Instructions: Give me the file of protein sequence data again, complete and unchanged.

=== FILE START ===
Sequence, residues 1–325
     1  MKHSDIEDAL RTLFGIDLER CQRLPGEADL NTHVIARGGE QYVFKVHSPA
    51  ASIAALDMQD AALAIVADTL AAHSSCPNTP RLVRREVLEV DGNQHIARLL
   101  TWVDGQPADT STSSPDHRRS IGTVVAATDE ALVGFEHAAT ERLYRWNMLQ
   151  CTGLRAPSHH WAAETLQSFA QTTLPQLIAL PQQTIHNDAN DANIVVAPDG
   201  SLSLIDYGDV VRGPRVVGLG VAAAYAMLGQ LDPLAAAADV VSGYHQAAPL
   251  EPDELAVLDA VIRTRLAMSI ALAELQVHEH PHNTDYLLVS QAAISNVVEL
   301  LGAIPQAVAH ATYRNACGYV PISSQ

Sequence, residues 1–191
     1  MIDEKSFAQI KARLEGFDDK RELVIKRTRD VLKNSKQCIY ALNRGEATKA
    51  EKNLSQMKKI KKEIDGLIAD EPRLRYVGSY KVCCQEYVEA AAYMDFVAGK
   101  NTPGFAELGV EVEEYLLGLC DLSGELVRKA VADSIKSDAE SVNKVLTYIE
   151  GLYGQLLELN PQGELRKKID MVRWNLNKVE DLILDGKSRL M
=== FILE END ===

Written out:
Sequence, residues 1–325
     1  MKHSDIEDAL RTLFGIDLER CQRLPGEADL NTHVIARGGE QYVFKVHSPA
    51  ASIAALDMQD AALAIVADTL AAHSSCPNTP RLVRREVLEV DGNQHIARLL
   101  TWVDGQPADT STSSPDHRRS IGTVVAATDE ALVGFEHAAT ERLYRWNMLQ
   151  CTGLRAPSHH WAAETLQSFA QTTLPQLIAL PQQTIHNDAN DANIVVAPDG
   201  SLSLIDYGDV VRGPRVVGLG VAAAYAMLGQ LDPLAAAADV VSGYHQAAPL
   251  EPDELAVLDA VIRTRLAMSI ALAELQVHEH PHNTDYLLVS QAAISNVVEL
   301  LGAIPQAVAH ATYRNACGYV PISSQ

Sequence, residues 1–191
     1  MIDEKSFAQI KARLEGFDDK RELVIKRTRD VLKNSKQCIY ALNRGEATKA
    51  EKNLSQMKKI KKEIDGLIAD EPRLRYVGSY KVCCQEYVEA AAYMDFVAGK
   101  NTPGFAELGV EVEEYLLGLC DLSGELVRKA VADSIKSDAE SVNKVLTYIE
   151  GLYGQLLELN PQGELRKKID MVRWNLNKVE DLILDGKSRL M